Nanni et al.  studied 78 families with HPE in which nine of them had mutations in the SHH gene. They observed that in four families, the SHH mutation was present in a nonaffected parent.
Marini et al.  reported a family with recurrence of autosomal dominant HPE in different members showing a wide clinical variability. They identified a nonsense mutation at codon 128 (W128X) with a change of TGG for TAG in the mother and three severely affected children. The mutation found in this case is at position 127 (TGG for TGA), which suggests that mutations in this adjacent residues are associated with an important phenotypic clinical variability.
The etiology of the wide phenotypic spectrum is not yet understood, and it has been proposed that other genes or environmental influences may contribute as gene modifiers to the phenotype [11, 12]. Nanni et al.  found three patients with mutations in the SHH gene and in other genes such as TGIF and ZIC2. In the present study, mutation analysis in the HPE child was not possible, so we cannot exclude the possibility of a digenic inheritance.
Previous studies have suggested a modifier gene in the X chromosome based on a predominant female transmission and the observation that most affected patients were male [6, 10, 13, 14]. Odent et al.  found a significant difference () in the gender of the transmitting parent, observing that in 14 of 16 families studied, the mother had the mutation. They suggested that males with HPE may have a diminished reproductive fitness which can be interfering with their reproductive life. The present case shows the vertical transmission of a father to his daughter, not supporting previous observations.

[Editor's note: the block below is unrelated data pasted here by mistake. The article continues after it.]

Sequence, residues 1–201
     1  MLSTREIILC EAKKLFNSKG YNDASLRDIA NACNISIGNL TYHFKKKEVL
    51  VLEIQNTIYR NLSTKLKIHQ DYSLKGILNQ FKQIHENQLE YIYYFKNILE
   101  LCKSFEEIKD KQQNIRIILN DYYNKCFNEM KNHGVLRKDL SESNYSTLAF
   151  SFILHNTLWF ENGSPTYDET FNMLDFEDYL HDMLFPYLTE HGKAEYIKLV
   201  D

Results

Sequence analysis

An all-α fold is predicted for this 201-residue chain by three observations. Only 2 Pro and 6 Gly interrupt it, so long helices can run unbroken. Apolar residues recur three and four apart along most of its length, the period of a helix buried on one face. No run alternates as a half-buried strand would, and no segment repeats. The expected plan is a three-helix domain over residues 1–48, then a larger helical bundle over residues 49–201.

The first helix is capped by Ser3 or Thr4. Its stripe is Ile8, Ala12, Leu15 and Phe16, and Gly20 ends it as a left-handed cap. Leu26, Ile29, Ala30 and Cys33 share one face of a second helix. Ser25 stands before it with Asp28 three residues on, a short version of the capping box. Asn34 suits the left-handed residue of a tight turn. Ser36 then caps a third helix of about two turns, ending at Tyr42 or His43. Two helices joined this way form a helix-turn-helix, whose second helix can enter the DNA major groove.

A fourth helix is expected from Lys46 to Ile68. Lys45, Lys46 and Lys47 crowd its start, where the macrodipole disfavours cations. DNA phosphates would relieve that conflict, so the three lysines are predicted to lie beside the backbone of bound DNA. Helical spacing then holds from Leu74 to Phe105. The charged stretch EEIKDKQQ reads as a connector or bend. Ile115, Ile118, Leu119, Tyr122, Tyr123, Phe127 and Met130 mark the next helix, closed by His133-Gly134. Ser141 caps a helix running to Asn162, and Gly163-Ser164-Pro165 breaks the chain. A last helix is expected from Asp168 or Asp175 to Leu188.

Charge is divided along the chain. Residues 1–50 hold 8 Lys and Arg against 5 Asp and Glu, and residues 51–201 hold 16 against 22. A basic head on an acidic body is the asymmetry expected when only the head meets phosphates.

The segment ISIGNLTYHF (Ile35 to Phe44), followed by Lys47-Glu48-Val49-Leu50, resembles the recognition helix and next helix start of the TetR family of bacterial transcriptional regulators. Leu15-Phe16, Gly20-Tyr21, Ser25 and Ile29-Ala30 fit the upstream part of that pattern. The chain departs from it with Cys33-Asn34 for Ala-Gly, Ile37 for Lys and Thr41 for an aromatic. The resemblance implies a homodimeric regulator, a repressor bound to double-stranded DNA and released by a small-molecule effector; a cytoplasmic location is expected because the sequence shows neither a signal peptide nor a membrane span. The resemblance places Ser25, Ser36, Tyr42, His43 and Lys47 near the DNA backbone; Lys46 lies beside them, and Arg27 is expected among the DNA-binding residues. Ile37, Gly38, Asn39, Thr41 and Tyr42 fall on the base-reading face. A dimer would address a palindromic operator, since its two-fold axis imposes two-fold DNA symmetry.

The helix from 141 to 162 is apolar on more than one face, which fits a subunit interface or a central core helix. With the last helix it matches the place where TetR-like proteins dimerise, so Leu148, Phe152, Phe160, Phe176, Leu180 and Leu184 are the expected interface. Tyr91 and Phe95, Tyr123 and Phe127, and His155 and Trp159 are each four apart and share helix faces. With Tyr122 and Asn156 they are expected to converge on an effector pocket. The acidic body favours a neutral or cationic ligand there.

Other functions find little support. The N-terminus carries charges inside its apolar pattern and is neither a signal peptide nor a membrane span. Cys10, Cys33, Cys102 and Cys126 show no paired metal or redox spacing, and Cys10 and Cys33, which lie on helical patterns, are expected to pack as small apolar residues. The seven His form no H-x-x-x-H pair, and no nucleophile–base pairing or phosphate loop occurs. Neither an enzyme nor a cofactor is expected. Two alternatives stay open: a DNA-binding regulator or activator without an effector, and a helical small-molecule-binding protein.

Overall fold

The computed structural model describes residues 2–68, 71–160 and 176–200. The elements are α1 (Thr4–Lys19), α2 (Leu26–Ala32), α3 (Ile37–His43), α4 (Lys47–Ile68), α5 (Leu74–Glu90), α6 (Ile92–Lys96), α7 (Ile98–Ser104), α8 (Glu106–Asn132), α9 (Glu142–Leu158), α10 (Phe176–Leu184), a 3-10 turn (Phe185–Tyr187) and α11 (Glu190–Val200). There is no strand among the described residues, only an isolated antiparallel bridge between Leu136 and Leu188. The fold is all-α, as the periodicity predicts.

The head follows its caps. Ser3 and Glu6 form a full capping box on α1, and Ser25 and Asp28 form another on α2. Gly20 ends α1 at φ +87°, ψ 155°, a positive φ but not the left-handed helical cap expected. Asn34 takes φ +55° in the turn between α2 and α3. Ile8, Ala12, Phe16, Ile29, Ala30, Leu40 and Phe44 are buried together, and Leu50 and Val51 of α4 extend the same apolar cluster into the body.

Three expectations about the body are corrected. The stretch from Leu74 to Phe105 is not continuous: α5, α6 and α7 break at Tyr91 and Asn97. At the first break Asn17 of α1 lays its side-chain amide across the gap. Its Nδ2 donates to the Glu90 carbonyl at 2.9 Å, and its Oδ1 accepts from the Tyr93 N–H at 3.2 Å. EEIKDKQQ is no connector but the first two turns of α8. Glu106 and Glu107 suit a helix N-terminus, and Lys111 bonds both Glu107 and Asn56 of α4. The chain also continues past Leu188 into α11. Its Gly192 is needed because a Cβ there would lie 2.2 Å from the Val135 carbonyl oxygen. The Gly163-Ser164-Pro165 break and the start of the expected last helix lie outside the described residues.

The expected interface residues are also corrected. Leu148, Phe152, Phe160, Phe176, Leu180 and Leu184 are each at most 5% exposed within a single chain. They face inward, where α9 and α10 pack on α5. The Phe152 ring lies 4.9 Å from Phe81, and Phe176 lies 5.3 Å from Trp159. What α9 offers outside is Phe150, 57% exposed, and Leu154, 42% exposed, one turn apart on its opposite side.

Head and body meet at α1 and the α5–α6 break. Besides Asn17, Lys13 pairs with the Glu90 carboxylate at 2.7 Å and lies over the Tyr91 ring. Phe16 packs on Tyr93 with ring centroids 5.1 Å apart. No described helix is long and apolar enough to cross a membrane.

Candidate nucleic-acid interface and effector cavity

This study reinforces the importance of evaluating patients with miscarriages and neonatal deaths with structural defects, searching for microforms in couples with a previous child with HPE. The molecular analysis allowed us to give a recurrence risk to the couple, which due to the variability in expression, has to include all the possible clinical forms of HPE.
E. Matsunaga and K. Shiota, “Holoprosencephaly in human embryos: epidemiologic studies of 150 cases,” Teratology, vol. 16, no. 3, pp. 261–272, 1977.View at: Google Scholar
M. M. Cohen Jr., “Perspectives on holoprosencephaly: part I. Epidemiology, genetics, and syndromology,” Teratology, vol. 40, no. 3, pp. 211–235, 1989.View at: Google Scholar
G. Corsello, P. Buttitta, M. Cammarata et al., “Holoprosencephaly: examples of clinical variability and etiologic heterogeneity,” American Journal of Medical Genetics, vol. 37, no. 2, pp. 244–249, 1990.View at: Google Scholar
E. Belloni, M. Muenke, E. Roessler et al., “Identification of Sonic hedgehog as a candidate gene responsible for holoprosencephaly,” Nature Genetics, vol. 14, no. 3, pp. 353–356, 1996.View at: Google Scholar
L. Nanni, J. E. Ming, M. Bocian et al., “The mutational spectrum of the Sonic Hedgehog gene in holoprosencephaly: SHH mutations cause a significant proportion of autosomal dominant holoprosencephaly,” Human Molecular Genetics, vol. 8, no. 13, pp. 2479–2488, 1999.View at: Google Scholar
D. Wallis and M. Muenke, “Mutations in Holoprosencephaly,” Human Mutation, vol. 16, no. 2, pp. 99–108, 2000.View at: Google Scholar
M. Marini, R. Cusano, P. De Biasio et al., “Previously undescribed nonsense mutation in SHH caused autosomal dominant holoprosencephaly with wide intrafamilial variability,” American Journal of Medical Genetics, vol. 117, no. 2, pp. 112–115, 2003.View at: Google Scholar
G. Suthers, S. Smith, and S. Springbett, “Skewed sex ratios in familial holoprosencephaly and in people with isolated single maxillary central incisor,” Journal of Medical Genetics, vol. 36, no. 12, pp. 924–926, 1999.View at: Google Scholar
E. Roessler, E. Belloni, K. Gaudenz et al., “Mutations in the human Sonic Hedgehog gene cause holoprosencephaly,” Nature Genetics, vol. 14, no. 3, pp. 357–360, 1996.View at: Google Scholar